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Invisible Man

Ralph Ellison

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full title  ·  Invisible Man

author  · Ralph Ellison

type of work  · Novel

genre  · Bildungsroman (a German word meaning novel of personal “formation,” or development), existentialist novel, African-American fiction, novel of social protest

language  · English

time and place written  · Late 1940s–1952, New York City

date of first publication  ·  1952, although the first chapter was published in the English magazine Horizon five years earlier

publisher  · Random House

narrator  · The narrator is an unnamed black man who writes the story as a memoir of his life.

point of view  · The narrator writes in the first person, emphasizing his individual experience and his feelings about the events portrayed.

tone  · Ellison often seems to join the narrator in his sentiments, which range from bitterly cynical to willfully optimistic, from anguish at his sufferings to respect for the lessons learned from them. Ellison seems to write himself into the book through the narrator. However, Ellison also frequently portrays the narrator as blind to the realities of race relations. He points out this blindness through other, more insightful characters (most notably the veteran) as well as through symbolic details.

tense · Past, with present-tense sections in the Prologue and Epilogue

setting (time) · The 1930s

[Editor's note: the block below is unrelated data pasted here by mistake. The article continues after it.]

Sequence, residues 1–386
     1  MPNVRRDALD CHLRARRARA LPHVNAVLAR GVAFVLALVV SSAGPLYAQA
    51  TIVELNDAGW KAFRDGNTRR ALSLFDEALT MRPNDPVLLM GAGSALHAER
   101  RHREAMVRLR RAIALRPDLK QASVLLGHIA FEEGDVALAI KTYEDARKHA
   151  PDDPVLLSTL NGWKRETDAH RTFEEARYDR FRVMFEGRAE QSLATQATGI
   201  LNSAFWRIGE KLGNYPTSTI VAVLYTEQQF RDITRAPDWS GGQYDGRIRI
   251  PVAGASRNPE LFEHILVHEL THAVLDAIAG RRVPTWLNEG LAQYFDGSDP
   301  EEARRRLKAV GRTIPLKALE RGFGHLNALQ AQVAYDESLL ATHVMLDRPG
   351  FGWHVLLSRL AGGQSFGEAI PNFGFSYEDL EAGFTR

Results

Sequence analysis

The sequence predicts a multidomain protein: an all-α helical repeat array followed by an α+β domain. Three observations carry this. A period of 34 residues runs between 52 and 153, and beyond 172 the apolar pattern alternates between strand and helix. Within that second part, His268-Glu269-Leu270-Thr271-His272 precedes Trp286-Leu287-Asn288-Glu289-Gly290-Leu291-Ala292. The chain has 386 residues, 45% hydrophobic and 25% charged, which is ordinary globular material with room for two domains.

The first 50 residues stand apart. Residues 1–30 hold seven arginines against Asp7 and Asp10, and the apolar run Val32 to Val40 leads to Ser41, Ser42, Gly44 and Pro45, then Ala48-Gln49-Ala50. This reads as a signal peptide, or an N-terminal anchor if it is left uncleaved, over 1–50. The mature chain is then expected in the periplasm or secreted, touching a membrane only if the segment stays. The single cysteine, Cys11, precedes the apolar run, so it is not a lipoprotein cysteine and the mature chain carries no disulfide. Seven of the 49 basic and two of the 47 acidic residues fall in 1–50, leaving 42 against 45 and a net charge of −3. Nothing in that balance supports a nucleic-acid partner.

setting (place)  · A black college in the South; New York City, especially Harlem

protagonist · The narrator

major conflict · The narrator seeks to act according to the values and expectations of his immediate social group, but he finds himself continuously unable to reconcile his socially imposed role as a black man with his inner concept of identity, or even to understand his inner identity.

rising action · Dr. Bledsoe expels the narrator from college; the narrator gets into a fight over union politics with his black supervisor at the Liberty Paints plant and enters the plant hospital, where he experiences a kind of rebirth; the narrator stays with Mary, who fosters his sense of social responsibility; the narrator joins the Brotherhood.

climax · The narrator witnesses Clifton’s racially motivated murder at the hands of white police officers; unable to get in touch with the Brotherhood, he organizes Clifton’s funeral on his own initiative and rouses the black community’s anger against the state of race relations; the Brotherhood rebukes him for his act of independence.

falling action  · Riots break out in Harlem, releasing the pent-up anger that has gathered since Clifton’s funeral; the narrator encounters Ras, who calls for him to be lynched; running from Ras and the police, the narrator falls into a manhole and remains underground in “hibernation.”

themes · Racism as an obstacle to individual identity; the limitations of ideology; the danger of fighting stereotype with stereotype

motifs · Blindness; invisibility; jazz and blues music; masks and subterfuge; puppets and marionettes

symbols  · The black Sambo doll; the coin bank; the Liberty Paints plant; the Brotherhood

foreshadowing  · The narrator dreams that the scholarship given him by white community members in fact reads “Keep This Nigger-Boy Running.” This prefigures the damaging influence on the narrator of his future college’s lessons in ideology. When the narrator joins the Brotherhood, Brother Jack’s mistress doubts aloud that the narrator is “black enough” to be the organization’s black spokesperson. This hints at a latent racism within the Brotherhood, which will eventually end in the group’s betrayal of the narrator.

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